Bulletstorm’s creative director, Adrian Chmielarz, says that to charge $60 (±R620) for a AAA game these days is “a little insane”.
“Everybody is smart in retrospect, and looking back I do think that we were possibly among the first victims of this giant shift in gaming, where the middle-class AAA games began to die – not ‘middle-class’ by quality, but we didn’t have ten multiplayer modes and co-op and all of that. The saying in the industry right now is, ‘If you want to sell a game for $60, to the player it has to feel like $200 (±R2080),” he said, speaking to GamesIndustry.
Chmielarz was speaking about Bulletstorm’s relatively poor sales after market experts predicted the title would sell between 3 – 4 million copies. He went on to criticise EA, who he blamed for the poor marketing of Bulletstorm which focussed too much on dick-jokes and dude-bro humour, and not enough on the unique elements of the game. “Things that were, in my opinion, like spices in the game became its main ingredient in the marketing,” he says.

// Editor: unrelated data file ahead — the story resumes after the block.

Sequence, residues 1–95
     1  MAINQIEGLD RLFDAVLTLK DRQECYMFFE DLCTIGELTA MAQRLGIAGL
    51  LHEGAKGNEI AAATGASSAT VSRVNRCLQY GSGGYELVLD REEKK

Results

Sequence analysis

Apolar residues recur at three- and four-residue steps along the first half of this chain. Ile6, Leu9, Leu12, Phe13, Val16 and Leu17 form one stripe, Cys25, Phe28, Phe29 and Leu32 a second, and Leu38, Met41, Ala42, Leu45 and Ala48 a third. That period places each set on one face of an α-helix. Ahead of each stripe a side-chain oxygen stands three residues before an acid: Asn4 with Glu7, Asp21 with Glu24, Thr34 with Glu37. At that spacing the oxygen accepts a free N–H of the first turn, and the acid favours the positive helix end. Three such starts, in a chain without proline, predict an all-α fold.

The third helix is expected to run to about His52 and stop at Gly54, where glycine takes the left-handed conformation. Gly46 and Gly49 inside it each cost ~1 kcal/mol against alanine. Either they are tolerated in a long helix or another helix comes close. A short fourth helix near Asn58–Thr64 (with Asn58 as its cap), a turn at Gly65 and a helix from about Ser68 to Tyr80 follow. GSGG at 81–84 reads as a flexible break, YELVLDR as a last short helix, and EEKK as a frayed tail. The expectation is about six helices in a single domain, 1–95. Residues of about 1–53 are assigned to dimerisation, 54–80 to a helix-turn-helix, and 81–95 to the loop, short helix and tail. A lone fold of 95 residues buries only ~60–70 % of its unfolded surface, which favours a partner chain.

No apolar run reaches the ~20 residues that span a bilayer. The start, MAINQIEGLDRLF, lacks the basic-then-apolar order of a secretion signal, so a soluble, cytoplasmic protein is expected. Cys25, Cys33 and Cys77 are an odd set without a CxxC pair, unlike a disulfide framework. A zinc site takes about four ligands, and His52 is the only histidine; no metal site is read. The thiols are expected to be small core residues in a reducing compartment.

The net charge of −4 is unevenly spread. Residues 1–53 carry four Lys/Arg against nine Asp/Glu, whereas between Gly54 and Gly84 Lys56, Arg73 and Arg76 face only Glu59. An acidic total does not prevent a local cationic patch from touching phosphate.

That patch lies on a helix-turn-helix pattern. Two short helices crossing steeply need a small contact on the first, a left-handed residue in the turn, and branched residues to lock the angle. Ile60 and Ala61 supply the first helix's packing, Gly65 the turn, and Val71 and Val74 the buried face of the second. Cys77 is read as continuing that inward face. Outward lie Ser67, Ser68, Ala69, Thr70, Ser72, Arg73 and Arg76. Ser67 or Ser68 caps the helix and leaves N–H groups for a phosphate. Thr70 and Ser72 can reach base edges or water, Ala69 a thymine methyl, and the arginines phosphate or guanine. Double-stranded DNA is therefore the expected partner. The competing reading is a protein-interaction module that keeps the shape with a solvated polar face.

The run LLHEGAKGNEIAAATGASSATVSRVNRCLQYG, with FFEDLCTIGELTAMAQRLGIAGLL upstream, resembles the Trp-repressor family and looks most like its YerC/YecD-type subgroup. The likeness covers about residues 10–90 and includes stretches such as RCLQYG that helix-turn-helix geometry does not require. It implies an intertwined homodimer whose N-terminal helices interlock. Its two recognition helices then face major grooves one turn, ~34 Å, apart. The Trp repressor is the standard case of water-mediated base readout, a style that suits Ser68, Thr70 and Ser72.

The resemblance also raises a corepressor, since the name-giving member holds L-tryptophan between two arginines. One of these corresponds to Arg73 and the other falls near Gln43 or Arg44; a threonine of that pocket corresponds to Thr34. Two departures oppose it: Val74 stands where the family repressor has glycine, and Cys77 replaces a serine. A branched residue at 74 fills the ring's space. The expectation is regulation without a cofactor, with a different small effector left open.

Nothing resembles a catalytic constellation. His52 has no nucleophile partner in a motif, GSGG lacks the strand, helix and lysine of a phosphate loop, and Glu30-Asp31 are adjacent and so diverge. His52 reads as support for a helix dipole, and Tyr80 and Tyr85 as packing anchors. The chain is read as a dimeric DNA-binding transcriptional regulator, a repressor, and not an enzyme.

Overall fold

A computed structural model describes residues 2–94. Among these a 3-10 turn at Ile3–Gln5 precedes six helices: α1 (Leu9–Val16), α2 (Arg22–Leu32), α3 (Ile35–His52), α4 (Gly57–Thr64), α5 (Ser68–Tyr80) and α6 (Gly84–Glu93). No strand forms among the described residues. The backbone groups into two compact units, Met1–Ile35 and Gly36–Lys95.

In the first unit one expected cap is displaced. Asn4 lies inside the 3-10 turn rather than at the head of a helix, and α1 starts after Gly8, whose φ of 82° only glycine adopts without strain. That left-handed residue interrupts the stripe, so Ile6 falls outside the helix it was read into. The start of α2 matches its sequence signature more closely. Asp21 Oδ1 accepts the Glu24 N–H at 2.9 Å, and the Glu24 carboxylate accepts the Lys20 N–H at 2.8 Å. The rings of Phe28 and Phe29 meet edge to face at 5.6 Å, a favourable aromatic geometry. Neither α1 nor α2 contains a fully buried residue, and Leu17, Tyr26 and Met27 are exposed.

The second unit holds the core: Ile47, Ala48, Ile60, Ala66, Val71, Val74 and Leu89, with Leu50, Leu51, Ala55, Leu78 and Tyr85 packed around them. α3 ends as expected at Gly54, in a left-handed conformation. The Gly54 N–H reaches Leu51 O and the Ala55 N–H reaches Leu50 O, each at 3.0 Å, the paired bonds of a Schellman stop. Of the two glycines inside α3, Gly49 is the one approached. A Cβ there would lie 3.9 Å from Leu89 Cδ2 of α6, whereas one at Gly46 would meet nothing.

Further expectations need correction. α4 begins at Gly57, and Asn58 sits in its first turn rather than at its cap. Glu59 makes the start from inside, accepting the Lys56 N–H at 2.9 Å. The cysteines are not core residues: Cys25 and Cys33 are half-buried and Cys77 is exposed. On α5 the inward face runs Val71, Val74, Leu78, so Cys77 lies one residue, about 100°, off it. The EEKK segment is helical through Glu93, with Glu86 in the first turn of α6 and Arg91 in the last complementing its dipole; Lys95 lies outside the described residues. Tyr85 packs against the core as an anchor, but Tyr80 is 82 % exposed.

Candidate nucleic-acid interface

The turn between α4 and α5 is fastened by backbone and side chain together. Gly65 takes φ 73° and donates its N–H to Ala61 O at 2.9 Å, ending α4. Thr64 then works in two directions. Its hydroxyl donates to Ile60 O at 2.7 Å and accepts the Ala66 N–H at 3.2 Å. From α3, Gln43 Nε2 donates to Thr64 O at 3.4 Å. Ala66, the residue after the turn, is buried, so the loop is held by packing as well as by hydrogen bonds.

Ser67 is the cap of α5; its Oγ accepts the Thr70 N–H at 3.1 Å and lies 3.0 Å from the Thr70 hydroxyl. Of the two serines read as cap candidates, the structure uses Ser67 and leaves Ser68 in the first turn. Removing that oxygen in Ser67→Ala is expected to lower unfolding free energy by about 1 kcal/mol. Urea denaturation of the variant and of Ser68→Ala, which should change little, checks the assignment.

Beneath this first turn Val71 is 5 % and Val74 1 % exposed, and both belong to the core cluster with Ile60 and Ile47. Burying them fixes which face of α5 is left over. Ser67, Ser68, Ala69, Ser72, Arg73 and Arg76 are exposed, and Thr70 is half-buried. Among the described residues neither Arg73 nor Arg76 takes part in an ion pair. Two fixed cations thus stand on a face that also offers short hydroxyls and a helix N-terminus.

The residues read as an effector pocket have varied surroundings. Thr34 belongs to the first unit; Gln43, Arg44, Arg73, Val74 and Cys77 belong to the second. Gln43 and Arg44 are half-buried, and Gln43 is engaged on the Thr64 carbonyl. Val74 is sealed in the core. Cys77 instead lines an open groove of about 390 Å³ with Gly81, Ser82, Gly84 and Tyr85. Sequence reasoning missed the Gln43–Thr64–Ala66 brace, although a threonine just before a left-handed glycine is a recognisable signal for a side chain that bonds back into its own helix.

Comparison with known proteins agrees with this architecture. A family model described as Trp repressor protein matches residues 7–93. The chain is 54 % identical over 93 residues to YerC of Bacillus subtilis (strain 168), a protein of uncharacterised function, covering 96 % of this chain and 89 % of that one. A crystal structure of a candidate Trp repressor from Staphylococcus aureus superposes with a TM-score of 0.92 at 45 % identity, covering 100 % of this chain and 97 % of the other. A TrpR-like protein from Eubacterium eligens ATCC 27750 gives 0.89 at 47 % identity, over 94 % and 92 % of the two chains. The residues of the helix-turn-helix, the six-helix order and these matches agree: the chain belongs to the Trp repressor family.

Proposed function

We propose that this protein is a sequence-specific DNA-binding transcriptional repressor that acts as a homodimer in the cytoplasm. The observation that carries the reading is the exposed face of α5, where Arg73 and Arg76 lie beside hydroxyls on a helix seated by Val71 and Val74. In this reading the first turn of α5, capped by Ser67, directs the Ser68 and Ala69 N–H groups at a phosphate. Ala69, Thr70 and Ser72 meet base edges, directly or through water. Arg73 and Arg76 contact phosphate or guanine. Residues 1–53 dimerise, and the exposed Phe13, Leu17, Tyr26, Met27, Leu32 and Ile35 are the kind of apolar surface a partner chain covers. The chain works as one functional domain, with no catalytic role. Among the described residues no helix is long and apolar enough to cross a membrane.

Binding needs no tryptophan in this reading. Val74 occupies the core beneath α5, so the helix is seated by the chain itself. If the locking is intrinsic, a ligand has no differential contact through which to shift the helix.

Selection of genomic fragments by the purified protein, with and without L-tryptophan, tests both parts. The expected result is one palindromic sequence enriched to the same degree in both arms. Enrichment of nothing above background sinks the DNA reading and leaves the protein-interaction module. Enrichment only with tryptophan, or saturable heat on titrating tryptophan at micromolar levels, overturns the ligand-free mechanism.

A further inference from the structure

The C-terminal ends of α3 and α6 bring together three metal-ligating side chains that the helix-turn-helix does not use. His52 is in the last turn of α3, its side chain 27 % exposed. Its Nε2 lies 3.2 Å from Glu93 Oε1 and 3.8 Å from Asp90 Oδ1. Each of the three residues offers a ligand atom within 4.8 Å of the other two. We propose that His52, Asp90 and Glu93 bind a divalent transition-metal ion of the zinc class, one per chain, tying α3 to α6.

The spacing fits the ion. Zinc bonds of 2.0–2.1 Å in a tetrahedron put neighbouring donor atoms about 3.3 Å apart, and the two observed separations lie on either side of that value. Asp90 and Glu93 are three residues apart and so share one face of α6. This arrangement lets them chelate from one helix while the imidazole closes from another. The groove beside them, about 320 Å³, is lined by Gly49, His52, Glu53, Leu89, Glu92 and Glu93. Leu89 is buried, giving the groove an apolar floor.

“Look at Dead Space. I’m a big fan of Dead Space, I’ve read all of the books and comics and everything. But for some reason, instead of keeping expectations at 2 or 3 million copies sold and setting an appropriate budget for that, EA wanted it to be another Call of Duty – unless it sells 5 million it’s dead. That could be a profitable series, but only if you’re smart about the budget and the content.”
Chmielarz also believes that turning every title into a cross-platform best-seller means publishers have lost sight of how to create mid-size hits.
“Lower prices would allow us to stop thinking about filler, and start focusing on making the experience just right. Film studios don’t try to turn every successful horror film into Raiders of the Lost Ark, or that level of popularity. They’re very conscious about the budget, and the amount of money they make on Insidious, or The Conjuring, or Mama, it’s very profitable for them. It’s not amateurish and made by people who don’t know what they’re doing. They’re just focused and they’re smart and they’re thriving. That’s what needed to happen with Dead Space,” he said.
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